the slower-moving infantry and artillery which will be following up.
(5) Troops pursuing the enemy may find themselves in great difficulties
owing to the speed with which they move and the exposed positions in which they
may find themselves. They must be prepared for this, and must rely on aircraft
and the slower-moving infantry and artillery to get them out of their difficulties
in due course.
(1) A Schwerpunkt is as necessary in the defense as it is in the attack.
(2) A defensive position is only of value if the enemy must attack, or if it
is so strong that the enemy is afraid to attack it. If the enemy can avoid a
defensive position by passing round its flanks, it has no value.
(3) Defensive positions will be held to the last man.
(4) Essentials of a defensive position are:
(a) A good field of fire for all arms, but especially the artillery;
(b) Good observation;
(d) Natural protection against tanks;
(e) The ability to concentrate the fire of all weapons in front of the main line of resistance.
(5) The defensive position is divided into covering force, outposts, and a
main position. The forward edge of the latter is known as the main line of resistance.
(6) The task of the covering force is to deny good observation points to
the enemy and to hinder his advance. They will be approximately 6,000 to 8,000 yards
in front of the main position. Mines and obstacles will be used to strengthen
the position of the covering force. The covering force must not expose themselves
to the danger of being overwhelmed. They will be withdrawn at a definite
time. They will normally consist of small mobile forces. Their principal task
is to force the enemy to deploy.
(7) The outposts are responsible for the immediate protection of the main position. Their tasks are:
(a) To prevent the enemy from surprising the forces holding the main position;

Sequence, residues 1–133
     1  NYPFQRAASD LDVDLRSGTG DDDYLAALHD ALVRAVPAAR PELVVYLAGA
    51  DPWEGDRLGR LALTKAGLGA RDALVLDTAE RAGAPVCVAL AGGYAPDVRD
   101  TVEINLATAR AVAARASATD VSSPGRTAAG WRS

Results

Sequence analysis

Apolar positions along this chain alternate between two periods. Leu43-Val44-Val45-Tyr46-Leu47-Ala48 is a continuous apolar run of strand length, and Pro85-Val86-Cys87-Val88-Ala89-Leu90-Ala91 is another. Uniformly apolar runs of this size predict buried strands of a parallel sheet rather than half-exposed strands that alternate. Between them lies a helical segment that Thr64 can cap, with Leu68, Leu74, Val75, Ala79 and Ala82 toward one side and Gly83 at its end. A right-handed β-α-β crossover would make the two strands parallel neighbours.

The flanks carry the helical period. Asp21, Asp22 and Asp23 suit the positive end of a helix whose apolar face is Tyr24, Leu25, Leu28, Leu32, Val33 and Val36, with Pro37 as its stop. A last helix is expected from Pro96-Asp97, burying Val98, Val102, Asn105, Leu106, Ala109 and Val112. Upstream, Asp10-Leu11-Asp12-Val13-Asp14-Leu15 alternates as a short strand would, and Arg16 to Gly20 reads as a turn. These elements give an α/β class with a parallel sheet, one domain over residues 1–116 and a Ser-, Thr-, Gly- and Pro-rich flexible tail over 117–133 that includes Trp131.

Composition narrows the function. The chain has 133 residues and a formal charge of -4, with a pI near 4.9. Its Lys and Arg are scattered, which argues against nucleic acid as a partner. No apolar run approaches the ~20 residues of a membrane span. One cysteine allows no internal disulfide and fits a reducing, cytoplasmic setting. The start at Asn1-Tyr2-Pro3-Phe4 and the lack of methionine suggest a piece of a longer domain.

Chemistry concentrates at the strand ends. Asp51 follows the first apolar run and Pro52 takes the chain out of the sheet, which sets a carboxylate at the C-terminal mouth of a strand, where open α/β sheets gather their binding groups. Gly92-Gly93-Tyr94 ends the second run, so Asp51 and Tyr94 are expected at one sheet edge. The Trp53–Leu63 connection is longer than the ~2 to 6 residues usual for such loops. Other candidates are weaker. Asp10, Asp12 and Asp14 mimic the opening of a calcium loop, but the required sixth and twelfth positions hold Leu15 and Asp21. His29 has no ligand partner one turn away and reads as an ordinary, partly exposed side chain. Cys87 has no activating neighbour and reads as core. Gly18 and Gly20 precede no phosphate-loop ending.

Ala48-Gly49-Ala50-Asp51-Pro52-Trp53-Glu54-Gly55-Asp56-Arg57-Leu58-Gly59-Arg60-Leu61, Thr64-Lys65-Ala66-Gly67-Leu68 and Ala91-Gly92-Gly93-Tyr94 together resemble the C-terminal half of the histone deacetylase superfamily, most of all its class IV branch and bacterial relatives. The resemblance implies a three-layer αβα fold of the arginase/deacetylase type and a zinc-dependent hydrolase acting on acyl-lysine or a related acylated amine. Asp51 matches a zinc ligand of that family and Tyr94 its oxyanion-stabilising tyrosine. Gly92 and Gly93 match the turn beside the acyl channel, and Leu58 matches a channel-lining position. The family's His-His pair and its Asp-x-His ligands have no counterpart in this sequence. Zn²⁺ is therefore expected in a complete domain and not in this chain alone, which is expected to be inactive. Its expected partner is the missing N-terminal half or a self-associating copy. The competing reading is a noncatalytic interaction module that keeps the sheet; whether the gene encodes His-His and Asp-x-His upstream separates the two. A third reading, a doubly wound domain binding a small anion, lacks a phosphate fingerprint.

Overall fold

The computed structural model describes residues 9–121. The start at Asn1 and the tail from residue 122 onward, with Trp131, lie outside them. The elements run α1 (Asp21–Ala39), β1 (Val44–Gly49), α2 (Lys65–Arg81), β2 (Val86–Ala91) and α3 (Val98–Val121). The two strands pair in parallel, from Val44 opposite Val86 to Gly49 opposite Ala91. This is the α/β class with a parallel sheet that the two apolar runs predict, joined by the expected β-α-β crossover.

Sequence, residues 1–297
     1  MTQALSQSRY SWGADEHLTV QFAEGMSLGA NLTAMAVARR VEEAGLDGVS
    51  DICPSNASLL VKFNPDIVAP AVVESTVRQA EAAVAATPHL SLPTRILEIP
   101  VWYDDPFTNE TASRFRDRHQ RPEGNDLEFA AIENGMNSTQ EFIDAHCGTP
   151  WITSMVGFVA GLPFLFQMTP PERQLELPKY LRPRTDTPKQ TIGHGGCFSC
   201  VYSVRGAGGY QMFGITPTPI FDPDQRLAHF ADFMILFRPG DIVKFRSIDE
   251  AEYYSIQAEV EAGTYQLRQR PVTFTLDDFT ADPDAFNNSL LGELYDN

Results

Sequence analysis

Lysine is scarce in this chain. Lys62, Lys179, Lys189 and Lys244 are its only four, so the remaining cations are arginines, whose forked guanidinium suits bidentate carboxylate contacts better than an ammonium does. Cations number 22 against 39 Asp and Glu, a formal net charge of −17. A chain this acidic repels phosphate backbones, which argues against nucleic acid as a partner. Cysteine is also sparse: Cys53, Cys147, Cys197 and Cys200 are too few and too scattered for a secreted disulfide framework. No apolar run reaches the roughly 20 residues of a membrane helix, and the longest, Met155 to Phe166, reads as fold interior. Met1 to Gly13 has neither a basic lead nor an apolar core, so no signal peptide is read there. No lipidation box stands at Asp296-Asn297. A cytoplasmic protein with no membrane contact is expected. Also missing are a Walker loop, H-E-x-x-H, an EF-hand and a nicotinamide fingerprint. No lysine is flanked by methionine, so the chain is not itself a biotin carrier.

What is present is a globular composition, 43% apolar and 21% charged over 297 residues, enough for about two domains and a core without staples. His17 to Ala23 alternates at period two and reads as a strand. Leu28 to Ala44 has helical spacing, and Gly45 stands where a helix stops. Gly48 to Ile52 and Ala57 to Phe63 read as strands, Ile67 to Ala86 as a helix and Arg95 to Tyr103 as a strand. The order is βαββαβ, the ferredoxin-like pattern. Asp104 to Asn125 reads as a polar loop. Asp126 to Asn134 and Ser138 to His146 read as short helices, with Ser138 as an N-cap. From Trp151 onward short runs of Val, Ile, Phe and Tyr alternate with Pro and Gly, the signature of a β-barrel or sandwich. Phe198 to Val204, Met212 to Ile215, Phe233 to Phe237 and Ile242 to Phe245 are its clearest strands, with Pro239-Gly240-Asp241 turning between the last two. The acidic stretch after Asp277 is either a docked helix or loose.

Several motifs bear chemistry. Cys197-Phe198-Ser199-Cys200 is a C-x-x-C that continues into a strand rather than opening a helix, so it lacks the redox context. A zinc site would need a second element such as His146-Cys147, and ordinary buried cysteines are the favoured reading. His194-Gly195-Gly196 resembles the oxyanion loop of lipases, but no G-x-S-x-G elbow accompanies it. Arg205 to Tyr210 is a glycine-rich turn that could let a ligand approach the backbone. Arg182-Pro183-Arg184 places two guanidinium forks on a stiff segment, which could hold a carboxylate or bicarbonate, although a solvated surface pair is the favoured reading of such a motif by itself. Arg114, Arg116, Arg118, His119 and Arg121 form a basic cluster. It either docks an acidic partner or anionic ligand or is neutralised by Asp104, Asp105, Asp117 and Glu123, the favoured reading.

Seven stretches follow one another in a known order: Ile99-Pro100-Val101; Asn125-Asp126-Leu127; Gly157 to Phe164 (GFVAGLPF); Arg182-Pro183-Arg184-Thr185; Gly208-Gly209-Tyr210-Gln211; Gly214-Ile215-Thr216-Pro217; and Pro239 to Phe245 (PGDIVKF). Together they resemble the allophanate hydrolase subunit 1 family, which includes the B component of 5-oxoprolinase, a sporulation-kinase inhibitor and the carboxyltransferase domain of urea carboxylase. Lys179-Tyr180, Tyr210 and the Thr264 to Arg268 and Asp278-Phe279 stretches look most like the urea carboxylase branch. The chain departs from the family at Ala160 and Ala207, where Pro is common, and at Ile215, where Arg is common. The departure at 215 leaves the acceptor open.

(b) To mislead the enemy as long as possible as to the dispositions and situation of the main position;
(c) To protect advanced OP's.
They will be withdrawn when the situation makes it necessary. They are
normally 2,000 to 3,000 yards in front of the main position.
(8) The main position must be defended in depth. This consideration is
paramount. Areas and not lines will be defended. If the enemy should succeed in
penetrating a position, he must be faced by a series of defended areas, mutually
supporting one another by fire, so that in the end he collapses under the
concentrated fire directed at him. A battalion will defend from 800 to 2,000 yards.
(9) The withdrawal of both covering forces and outposts must be carefully
planned, to avoid masking the fire of the main position.
(10) Penetration must be met by immediate local counterattacks with
limited objectives, carried out by small parties of infantry, and if possible
against the enemy's flanks. Unless tanks are available, a deliberate
counterattack will succeed only if carried out by superior forces and as a surprise
against one or both flanks of the enemy penetration. Like any other deliberate
attack, it requires preparation.
e. Village Fighting
Troops are too easily attracted to villages. These give some cover from
fire, but also draw it, and may become traps.
(a) In attack, villages should be bypassed if possible. The enemy
in the village must, however, be pinned down, chiefly by artillery fire, when
this is happening.
(b) If they must be attacked, heavy supporting fire is needed on
the nearer edge, especially on isolated buildings and small groups of houses.
(c) Leading troops will avoid the streets, and fight through backyards and
gardens to the far end of the village. These troops are difficult to
control and support, and must therefore operate in small independent
groups. Their tasks must be accurately laid down, and each group must
have its own supporting weapons.
(d) Reserves must move close behind these leading groups, as they may easily
get into difficulties.
(a) Well-built villages make good strongpoints.
(b) Their edges are shell traps. The main defended line should therefore be
either inside or outside, not on the edges.
(c) If a village is favorably situated, it should be turned into a strongpoint
organized in depth. The irregular shape of its approaches should
provide ample opportunities for flanking fire.
(d) Villages are especially useful as antitank positions.
(e) Reserves must be held in readiness outside the village to
deal with the enemy's probable attempts to bypass it.